- Police have probable cause to believe that a pre-paid or stored value card contains the proceeds from a criminal act or is being used to commit a criminal act.
If ay of these conditions exist, a law enforcement officer may follow the allowable process outlined under Nevada law in order to obtain information about a pre-paid card or stored value card.
Obtaining Information on Funds Stored on a Pre-Paid Card
According to N.R.S. 179.1152, when a law enforcement officer has the authority under the law to obtain information about a pre-paid card, the peace officer is permitted to use “an electronic device, a necessary electronic communications network or any other reasonable means” in order to obtain necessary information about the pre-paid or stored value card.
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A law enforcement officer is allowed to use these devices to find out specific information as outlined by the relevant statute. For example, a peace officer can use these devices to determine the name and personal information that are associated with the card as well as the amount of funds that are associated with the pre-paid or stored value card.
The Attorney General or the designee of the Attorney General for the state of Nevada is given the authority to enter into contracts as necessary to make it possible for law enforcement officers to obtain the information that police are permitted by N.R.S. 179.1152 to collect on pre-paid or stored cards. However, there are certain things that the Attorney General has to consider when entering into contracts that are aimed at making information accessible from pre-paid or stored value cards.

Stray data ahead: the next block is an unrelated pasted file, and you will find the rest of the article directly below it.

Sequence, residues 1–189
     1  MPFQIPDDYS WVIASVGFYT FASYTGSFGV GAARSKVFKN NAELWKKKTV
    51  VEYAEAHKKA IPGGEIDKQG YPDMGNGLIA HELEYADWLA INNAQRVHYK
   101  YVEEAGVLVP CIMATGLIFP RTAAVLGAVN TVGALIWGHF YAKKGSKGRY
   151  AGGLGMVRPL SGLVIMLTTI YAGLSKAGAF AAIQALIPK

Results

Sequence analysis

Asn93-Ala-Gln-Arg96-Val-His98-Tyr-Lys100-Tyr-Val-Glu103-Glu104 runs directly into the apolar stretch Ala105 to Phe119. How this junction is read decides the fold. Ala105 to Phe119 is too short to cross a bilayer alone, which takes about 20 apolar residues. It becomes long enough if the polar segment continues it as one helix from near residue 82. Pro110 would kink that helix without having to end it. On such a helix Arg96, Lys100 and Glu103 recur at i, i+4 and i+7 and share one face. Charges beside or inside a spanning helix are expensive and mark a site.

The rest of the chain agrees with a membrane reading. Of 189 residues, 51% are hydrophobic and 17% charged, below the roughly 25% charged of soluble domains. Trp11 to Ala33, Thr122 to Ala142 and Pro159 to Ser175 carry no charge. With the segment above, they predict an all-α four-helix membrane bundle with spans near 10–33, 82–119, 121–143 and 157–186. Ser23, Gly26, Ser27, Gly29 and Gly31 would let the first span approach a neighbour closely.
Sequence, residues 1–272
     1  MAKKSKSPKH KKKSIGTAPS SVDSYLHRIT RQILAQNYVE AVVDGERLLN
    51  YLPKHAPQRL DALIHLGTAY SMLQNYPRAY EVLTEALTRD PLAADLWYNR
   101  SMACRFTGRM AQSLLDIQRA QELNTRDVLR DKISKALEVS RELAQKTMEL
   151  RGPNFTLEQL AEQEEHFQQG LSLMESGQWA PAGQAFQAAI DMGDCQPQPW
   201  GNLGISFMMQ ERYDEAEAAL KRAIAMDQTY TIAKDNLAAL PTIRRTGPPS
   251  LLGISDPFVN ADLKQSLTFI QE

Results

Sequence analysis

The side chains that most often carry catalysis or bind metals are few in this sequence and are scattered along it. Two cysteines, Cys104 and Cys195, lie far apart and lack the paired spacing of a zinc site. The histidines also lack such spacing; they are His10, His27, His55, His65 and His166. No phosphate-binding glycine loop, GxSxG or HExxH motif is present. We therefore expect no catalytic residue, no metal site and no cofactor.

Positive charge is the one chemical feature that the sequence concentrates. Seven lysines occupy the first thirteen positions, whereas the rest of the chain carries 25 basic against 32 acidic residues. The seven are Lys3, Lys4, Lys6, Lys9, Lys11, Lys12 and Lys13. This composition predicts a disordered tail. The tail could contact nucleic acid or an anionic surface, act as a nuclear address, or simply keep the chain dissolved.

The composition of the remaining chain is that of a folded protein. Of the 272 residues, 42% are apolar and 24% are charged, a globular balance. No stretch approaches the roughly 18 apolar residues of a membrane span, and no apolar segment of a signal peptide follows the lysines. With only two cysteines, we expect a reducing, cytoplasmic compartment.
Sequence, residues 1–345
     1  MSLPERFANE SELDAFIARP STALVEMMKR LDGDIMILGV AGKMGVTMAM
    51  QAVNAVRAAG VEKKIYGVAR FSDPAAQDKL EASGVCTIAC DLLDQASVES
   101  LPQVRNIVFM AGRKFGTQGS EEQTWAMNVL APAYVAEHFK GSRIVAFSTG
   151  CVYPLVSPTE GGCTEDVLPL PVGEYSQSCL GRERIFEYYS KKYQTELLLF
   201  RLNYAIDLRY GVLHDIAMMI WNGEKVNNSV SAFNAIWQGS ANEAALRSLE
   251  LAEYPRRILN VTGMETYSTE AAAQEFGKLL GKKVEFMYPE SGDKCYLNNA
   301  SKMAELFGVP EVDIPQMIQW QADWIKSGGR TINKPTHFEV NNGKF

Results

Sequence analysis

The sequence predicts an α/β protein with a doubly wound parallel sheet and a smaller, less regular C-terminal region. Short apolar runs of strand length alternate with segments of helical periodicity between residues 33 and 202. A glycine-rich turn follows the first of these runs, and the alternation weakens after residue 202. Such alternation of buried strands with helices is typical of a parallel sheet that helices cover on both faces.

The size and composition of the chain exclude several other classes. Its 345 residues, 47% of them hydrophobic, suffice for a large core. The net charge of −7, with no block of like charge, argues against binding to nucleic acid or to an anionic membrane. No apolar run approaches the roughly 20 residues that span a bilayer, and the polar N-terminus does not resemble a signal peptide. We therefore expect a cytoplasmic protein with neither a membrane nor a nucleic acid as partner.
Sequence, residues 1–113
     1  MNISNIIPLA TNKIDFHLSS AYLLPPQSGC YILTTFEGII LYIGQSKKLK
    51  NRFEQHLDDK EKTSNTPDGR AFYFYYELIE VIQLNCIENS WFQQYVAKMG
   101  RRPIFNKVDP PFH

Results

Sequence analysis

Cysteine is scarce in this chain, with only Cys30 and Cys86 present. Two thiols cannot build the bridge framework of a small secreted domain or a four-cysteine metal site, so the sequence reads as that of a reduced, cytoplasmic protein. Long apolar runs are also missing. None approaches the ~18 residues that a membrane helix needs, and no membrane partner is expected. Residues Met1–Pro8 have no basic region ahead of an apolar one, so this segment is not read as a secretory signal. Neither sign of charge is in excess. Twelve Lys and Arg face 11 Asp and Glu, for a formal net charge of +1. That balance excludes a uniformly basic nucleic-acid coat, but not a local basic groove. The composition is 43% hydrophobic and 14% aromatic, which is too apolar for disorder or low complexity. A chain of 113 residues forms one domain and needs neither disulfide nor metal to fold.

The Attorney General has to consider the functional benefit of maintaining one or more databases that are related to prepaid or stored value cards being used in connection with any possible criminal activity. The Attorney General also must think about the costs of maintaining one or more databases, as well as other factors believed to be relevant by the AG and/or by law and state law enforcement agencies. If the AG enters into a contract, the usual process for open and competitive bidding that is mandated for most government contracts is not specifically required under these circumstances.
Getting Help from Las Vegas Criminal Attorneys
Evidence obtained from a stored-value card could potentially be used against you. You want to protect your privacy as much as possible whenever police want any information from you, including details on stored-value cards. You should know your rights and what the law does, and does not, allow in interactions with the police.
A Las Vegas criminal defense lawyer can provide you with assistance if you believe that police acted unlawfully or inappropriately in any way in connection with identifying stored funds or in connection with any type of search or seizure. To find out more about how an attorney can help you with laws.